(Reuters) - Enbridge Inc said it plans to restore southbound natural gas flows on part of its Texas Eastern (TETCO) pipeline in Ohio by the middle of next week following an explosion on one of three lines there this week.
The shutdown on Monday forced drillers using the pipe to reduce output in the Marcellus and Utica shale in Pennsylvania, Ohio and West Virginia, the nation’s biggest gas producing region, a week before a polar vortex is expected to freeze the eastern half of the country.
Total output in the Marcellus and Utica slipped from 30 billion cubic feet per day (bcfd) before the blast to around 29 bcfd on Monday-Friday, according to financial data provider Refinitiv.
One billion cubic feet is enough gas for about 5 million U.S. homes for a day.
TETCO told customers in a notice late Thursday it was working to return at least one of the undamaged pipes in the area of the blast and increase north-to-south flows there to around 1 bcfd between Jan. 28-30 from zero now.
That would be just days ahead of the forecast deep freeze, which is expected to bring the coldest weather in over a decade to parts of the Midwest and very low temperatures in the Northeast and Southeast, according to meteorologists at Radiant Solutions.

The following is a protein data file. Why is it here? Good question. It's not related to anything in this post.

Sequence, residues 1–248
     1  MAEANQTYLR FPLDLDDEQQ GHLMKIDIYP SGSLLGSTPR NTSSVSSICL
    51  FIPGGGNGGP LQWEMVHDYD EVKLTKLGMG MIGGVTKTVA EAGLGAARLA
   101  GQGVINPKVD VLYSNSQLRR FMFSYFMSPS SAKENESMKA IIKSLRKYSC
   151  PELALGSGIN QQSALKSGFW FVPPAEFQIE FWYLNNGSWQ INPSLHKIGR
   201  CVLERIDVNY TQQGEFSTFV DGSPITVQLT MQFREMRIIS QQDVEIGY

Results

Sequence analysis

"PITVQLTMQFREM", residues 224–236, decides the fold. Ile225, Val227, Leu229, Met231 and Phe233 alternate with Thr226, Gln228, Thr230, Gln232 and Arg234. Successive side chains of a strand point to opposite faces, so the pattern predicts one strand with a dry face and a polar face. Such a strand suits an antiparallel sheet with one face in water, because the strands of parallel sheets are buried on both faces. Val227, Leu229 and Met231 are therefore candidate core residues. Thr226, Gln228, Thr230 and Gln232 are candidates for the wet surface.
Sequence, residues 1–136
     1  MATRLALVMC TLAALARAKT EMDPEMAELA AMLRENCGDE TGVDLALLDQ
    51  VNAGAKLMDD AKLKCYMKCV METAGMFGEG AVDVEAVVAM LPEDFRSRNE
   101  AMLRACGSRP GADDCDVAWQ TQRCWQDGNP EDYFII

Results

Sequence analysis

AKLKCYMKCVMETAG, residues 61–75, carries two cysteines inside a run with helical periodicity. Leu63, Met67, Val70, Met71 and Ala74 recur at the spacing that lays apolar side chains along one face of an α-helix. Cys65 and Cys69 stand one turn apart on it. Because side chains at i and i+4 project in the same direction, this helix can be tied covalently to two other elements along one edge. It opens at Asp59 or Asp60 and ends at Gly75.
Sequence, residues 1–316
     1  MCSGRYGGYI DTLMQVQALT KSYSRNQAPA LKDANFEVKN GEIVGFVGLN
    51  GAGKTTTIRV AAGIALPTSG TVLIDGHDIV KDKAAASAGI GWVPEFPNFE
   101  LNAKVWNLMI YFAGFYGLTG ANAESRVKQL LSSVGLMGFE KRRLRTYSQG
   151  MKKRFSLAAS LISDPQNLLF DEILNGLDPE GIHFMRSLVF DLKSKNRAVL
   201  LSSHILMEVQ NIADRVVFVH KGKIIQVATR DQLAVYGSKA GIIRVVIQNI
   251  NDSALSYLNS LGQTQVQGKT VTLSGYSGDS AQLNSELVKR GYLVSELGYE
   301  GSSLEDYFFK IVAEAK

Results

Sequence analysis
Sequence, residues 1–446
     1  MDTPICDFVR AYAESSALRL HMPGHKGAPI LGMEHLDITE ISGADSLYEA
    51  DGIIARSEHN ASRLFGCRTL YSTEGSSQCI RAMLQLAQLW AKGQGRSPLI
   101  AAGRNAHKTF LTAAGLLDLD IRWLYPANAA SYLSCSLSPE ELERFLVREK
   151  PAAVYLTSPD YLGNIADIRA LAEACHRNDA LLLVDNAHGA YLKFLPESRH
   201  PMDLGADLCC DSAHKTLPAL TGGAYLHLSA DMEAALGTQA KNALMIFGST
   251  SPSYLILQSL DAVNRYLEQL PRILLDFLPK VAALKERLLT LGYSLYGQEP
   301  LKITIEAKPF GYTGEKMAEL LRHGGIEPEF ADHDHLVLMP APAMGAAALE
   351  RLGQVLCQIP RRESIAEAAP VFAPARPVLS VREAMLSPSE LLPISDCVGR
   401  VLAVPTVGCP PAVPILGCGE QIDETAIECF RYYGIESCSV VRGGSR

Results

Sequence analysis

Before the blast, which injured two people and damaged three homes near Summerfield in Noble County in southeast Ohio, about 1.2 bcfd of gas was flowing south on TETCO from Ohio toward the Gulf of Mexico, according to Refinitiv.
After the explosion, TETCO started moving up to 0.2 bcfd of gas north into Kentucky and Ohio.
On the eastern side of the damaged pipe, flows in Greene County in southwest Pennsylvania also reversed direction.
About 0.6 bcfd was moving toward the Gulf Coast before the blast. Since then, about 0.5 bcfd has been heading east toward New Jersey. Greene County is one of Pennsylvania’s biggest gas producing counties.
Enbridge said the damaged section of 30-inch (76.2 centimeter) pipe was built in 1952-53.
The 9,029-mile (14,531-km) TETCO pipeline was designed to carry gas from the U.S. Gulf Coast and Texas to high-demand markets in the mid-Atlantic and Northeast, according to the company’s website.
It became bi-directional over the past five years, enabling it to also carry gas from the Marcellus and Utica shale, where production is growing rapidly, to markets in the U.S. Midwest and Gulf Coast.
Reporting by Scott DiSavino; Editing by David Gregorio